WATERFRONT LEISURE CENTRE
30 Woolwich High St
London SE18 6DL
020 8317 5000
Added value: there is water here
Negative points: not very nice water.
Take: children. And fruit.
Yes, indeed, there is water here. It’s a ‘water park’, after all, and you should stick with whatever image that instantly conjures up. This is the kind of place I visit to prove to my children I’M A FUN PERSON not a miserable old bag, which always backfires because, being the antithesis of everything I like, it is guaranteed to turn me into a miserable old bag. Why does that lesson remain unlearned?
If you’ve been on holiday in this country and it’s rained the whole time, and you have children to entertain, you, like me, will have been to a similar hangar. You drive past every day thinking ‘please don’t let us be so bored we accidentally go here. Please let the sun come out. Please save me from the Fun Palace’. You promise the kids you will DEFINITELY go there one day, and then try every possible option to avoid it - including, in our case, a Museum of Salt. It’s where I find myself staring into the eyes of other adults trying to communicate non-verbally – can we bond in our dislike of this place? But no one ever seems to hate it as much as me, not even the mum busy slapping her son for floating face-down pretending to be dead.
Actually having a proper swim here felt a little freakish, but I managed it, no claxons went off, and I was only tempted to get out when a man sat on the pool edge cleaning the gunk from between his toes into the water. (I assume he’s not a permanent feature.) The pool is a laned, shallow 25-metres, cool in temperature only - about twenty degrees cooler than the fun splash pools (which I ventured into when I spotted an opportunity to shout at my child) where the water is at optimal temperature for unidentifiable skin rashes to bloom. Along one wall, a line of glassy-eyed adults sit waiting in their coats, staring disconnectedly at the huge metal ducting tubes across the high ceiling, maybe wondering if they could fit in them and crawl away. The place is busy with swimming lessons, which feels odd as swimming is the least relevant activity here. Still, in a brief moment of positivity, I felt glad for all those hours I’d waited for my own child to FOR CHRIST SAKE LEARN TO SWIM, because today she toddled off with her friend to slide, time and time again, down the massive anaconda tunnel. They loved it, thought the smaller slides were a bit babyish, and poddled around for ages in a deeper pool with aggressive water sprays, and a small Jacuzzi which, they reported, had ‘fierce bubbling’.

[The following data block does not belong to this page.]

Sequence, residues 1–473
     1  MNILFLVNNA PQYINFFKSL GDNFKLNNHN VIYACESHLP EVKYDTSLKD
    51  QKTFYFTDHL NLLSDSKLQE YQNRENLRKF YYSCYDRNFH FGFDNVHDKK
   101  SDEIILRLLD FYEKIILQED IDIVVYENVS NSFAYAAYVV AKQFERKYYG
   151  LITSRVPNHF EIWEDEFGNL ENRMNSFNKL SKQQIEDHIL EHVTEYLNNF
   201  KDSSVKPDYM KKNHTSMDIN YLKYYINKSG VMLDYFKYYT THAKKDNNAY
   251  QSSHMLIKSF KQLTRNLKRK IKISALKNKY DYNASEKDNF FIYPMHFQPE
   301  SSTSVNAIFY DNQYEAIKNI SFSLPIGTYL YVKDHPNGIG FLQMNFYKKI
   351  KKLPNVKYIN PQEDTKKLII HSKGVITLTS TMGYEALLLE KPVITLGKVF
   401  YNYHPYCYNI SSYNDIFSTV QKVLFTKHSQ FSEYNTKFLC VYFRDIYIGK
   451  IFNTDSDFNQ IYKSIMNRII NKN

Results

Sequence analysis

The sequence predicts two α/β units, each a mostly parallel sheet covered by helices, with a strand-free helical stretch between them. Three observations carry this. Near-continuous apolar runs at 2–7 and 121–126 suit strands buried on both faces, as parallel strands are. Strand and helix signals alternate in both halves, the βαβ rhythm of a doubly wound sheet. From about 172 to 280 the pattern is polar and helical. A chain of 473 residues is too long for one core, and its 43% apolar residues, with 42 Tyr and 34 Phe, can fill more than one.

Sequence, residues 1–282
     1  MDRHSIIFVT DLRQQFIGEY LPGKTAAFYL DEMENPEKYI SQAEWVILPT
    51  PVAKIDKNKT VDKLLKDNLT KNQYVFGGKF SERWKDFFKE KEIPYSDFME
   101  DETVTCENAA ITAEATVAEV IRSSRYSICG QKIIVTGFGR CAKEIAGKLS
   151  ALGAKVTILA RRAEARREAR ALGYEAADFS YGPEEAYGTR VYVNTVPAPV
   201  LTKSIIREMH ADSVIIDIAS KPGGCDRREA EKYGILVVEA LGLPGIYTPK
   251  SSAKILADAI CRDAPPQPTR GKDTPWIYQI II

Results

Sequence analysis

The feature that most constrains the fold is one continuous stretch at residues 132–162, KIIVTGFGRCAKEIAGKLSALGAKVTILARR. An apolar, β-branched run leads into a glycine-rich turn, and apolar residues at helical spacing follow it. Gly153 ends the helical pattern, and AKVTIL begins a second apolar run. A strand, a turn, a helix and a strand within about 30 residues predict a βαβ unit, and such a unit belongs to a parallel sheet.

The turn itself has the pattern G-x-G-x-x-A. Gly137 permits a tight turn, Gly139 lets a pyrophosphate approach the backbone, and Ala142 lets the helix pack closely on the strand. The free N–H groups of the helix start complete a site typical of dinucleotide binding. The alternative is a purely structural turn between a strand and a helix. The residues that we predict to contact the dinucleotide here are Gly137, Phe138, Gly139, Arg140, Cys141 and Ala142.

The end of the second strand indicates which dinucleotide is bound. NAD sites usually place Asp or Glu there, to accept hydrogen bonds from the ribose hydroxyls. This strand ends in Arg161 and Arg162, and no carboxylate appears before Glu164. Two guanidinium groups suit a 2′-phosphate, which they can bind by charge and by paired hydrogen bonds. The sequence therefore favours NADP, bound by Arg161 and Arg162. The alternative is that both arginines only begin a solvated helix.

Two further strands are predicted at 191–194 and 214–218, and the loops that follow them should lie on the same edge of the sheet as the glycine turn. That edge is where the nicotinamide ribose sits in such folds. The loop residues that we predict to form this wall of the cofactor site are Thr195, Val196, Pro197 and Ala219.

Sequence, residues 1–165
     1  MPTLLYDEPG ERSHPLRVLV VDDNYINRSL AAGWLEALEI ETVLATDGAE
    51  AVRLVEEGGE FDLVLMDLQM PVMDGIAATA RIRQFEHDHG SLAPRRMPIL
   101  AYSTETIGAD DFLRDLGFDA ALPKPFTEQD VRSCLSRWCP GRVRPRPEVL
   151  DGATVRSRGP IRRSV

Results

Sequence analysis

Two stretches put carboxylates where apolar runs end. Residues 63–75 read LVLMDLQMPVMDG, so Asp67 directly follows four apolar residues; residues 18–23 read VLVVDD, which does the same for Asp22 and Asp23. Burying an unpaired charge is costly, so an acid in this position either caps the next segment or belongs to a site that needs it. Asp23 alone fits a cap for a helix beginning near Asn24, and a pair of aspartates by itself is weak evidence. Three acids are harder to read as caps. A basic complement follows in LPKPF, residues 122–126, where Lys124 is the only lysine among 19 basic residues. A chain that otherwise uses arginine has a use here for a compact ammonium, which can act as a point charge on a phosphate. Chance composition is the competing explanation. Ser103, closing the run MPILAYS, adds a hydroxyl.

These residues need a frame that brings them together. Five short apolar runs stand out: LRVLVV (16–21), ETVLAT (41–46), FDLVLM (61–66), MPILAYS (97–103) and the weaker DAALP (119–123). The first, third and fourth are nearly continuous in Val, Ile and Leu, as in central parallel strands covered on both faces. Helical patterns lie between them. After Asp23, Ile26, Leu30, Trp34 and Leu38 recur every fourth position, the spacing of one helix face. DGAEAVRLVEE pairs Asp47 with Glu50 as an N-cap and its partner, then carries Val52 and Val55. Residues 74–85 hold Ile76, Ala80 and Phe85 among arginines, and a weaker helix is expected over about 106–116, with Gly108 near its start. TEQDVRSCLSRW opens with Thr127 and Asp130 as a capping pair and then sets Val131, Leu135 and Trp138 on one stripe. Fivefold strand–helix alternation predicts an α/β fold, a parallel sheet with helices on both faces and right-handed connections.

The changing rooms are utterly municipal with individual booths, cracked formica benches and lockers you don’t trust will either lock, or then unlock. The only showers I could find afterwards were pool-side, where you could wash off other people’s discarded skin and plasters but not get properly clean.
It reminds me of Splashdown in Bournemouth (with added diversity), a collection of tubes, flumes and horrible little warm pools of piss and verruca scabs that we visited on one of these drear November weekends that make you realize what it’s like to be dead. The food options are similar too; here, the ‘diner’ (DINER? What hellish piece of misguided modern middle management-speak is this?) offers a full range of indigestible crap like sugar-sprinkled doughnuts that can irradicate any final vestige of wellbeing just by existing. Hence the advise to bring fruit. But then, I took bags of apples and carrots to Disneyland because a defrosted salad is about the only ‘fresh’ stuff in a 25-mile radius, which is a travesty, and just one more reason why I hate Disneyland.
NB I am able to find enjoyment in places that don’t serve fruit. I’m not mad.